Guillermo Acuña Arquitectos Asociados was commissioned to build a small cabin on a remote site on the main island, known as Isla Grande de Chiloé. The cabin encompasses 85 square metres, and was completed in 2021.
The cabin is located on the island of Chiloé
The islands are known for their wooden constructions that combine influence from Jesuit missionaries in the 17th and 18th centuries with indigenous Chilean buildings.
Since 2000, the particular style of architecture found on these islands has been included on the UNESCO list of World Heritage Sites.
Guillermo Acuña took cues from local fishing huts for its design
The site itself is located in a village named Ancud, at the northern end of the island. The architect describes it as “an ancient Huilliche locality with a population of approximately 40 families.”
Acuña studied the traditional constructions of the Huilliche people, who would usually construct lightweight wooden structures near the island’s rocky beaches to smoke fish and preserve it.
Guillermo Acuña created a two-storey timber structure
“In the thick forest behind the shore, they would erect fragile fireplaces built with sticks that were tied together with leather knots and light, delicate reed covers,” Acuña explained.
“Light constructions used for services can still be seen in all the houses in Chiloé. They were previously dressed in tiles and now covered in zinc,” the architect added.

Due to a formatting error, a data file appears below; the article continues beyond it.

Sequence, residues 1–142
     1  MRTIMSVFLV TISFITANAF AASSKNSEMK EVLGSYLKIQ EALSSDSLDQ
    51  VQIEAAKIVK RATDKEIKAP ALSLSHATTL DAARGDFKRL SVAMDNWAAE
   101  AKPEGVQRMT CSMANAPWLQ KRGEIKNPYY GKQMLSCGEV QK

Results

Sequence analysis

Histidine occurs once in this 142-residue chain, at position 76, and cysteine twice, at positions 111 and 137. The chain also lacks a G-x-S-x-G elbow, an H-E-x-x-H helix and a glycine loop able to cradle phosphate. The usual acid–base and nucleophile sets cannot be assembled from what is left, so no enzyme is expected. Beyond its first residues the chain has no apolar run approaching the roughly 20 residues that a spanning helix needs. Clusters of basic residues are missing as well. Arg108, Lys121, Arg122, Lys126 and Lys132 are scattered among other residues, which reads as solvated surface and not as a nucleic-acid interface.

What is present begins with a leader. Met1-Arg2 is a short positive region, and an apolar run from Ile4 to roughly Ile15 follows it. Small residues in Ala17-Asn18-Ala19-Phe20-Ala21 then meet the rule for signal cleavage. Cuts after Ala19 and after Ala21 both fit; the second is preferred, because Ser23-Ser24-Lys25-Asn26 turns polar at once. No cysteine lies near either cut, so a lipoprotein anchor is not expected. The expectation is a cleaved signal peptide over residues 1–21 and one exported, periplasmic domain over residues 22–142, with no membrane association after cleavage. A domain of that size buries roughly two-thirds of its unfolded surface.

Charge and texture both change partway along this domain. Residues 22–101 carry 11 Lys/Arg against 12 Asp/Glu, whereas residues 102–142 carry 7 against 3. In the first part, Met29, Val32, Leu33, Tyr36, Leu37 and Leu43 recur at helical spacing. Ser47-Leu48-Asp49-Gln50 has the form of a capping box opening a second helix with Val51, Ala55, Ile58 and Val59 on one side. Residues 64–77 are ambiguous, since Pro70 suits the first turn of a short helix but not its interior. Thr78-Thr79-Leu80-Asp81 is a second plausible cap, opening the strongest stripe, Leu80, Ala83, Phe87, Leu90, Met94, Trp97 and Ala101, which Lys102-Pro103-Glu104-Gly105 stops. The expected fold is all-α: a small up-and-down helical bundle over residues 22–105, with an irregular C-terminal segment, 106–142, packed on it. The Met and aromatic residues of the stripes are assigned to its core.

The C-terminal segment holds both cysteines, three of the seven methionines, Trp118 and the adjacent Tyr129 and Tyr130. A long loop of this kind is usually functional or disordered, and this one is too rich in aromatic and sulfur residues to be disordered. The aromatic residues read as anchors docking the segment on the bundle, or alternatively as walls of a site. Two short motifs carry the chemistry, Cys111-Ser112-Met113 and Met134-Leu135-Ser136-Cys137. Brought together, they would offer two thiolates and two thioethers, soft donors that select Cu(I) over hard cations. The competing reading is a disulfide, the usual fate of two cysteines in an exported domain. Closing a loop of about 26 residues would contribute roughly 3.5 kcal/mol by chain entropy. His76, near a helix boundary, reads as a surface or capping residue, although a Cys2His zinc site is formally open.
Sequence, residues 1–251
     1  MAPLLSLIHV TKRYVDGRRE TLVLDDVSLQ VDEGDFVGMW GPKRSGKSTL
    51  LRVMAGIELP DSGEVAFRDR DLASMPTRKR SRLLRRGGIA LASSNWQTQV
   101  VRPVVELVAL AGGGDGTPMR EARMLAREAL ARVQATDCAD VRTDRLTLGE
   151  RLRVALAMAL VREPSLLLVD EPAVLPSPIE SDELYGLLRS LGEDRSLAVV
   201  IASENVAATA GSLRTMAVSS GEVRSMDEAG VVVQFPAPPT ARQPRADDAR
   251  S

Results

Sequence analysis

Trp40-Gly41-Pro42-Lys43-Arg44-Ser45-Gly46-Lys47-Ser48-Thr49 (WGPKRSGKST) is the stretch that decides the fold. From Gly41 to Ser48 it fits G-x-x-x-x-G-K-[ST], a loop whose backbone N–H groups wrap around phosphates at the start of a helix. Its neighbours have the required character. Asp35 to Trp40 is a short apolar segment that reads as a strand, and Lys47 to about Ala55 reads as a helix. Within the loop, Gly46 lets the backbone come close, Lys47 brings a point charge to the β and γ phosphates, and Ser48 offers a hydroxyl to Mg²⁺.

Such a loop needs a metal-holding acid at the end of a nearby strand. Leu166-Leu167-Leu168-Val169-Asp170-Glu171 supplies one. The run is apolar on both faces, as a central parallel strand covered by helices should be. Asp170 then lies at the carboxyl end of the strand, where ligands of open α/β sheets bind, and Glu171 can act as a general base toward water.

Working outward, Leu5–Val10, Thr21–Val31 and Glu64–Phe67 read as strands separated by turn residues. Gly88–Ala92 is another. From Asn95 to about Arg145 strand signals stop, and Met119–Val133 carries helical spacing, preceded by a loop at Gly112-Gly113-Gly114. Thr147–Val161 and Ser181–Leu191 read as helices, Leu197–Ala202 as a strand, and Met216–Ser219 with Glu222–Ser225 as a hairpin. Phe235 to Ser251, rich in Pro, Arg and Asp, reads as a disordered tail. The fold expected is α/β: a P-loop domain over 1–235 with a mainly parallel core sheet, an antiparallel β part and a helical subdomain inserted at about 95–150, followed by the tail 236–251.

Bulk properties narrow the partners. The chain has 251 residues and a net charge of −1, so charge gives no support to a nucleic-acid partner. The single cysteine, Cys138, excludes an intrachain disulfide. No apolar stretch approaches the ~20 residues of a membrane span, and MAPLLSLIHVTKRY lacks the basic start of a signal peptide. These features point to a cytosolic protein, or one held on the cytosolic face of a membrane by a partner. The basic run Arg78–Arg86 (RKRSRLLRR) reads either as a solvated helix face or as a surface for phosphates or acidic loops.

The structure has a mostly open ground floor
Much like the traditional fishing sheds of the Huilliche people, the building is entirely made of wood. This includes its structural supports, cladding and interior finishes.
Acuña’s chose a two-storey timber structure, with a mostly open ground floor for parking and utility spaces and an enclosed first floor with a compact dwelling space.
The upstairs area includes a generous terrace at either end of the building, allowing its users to work outdoors in any weather.
A gently curved roof covers the entire construction and offers deep overhanging eaves to keep rainwater away from the outside walls.
A wooden boardwalk provides access to the shore nearby
“This small project responds to this tradition, a light construction with a fragile destiny, neither a house nor a shed, but rather a roof formed by rods and knots that house minimum spaces for services,” said Acuña.
The occupants can drive right up to the structure and park beneath it, while a wooden boardwalk provides access to the shore nearby.
A gently curved roof covers the entire building
Guillermo Acuña Arquitectos Asociados has completed several projects in southern Chile. Other examples include a black-and-red cabin built Chiloé in a repurposed boathouse, a home that appears to have three roofs stacked on top of each other and a home perched on bright red stilts by the ocean.
The photography is by Cristobal Palma.
Carpenter/constructor: Luis Miranda
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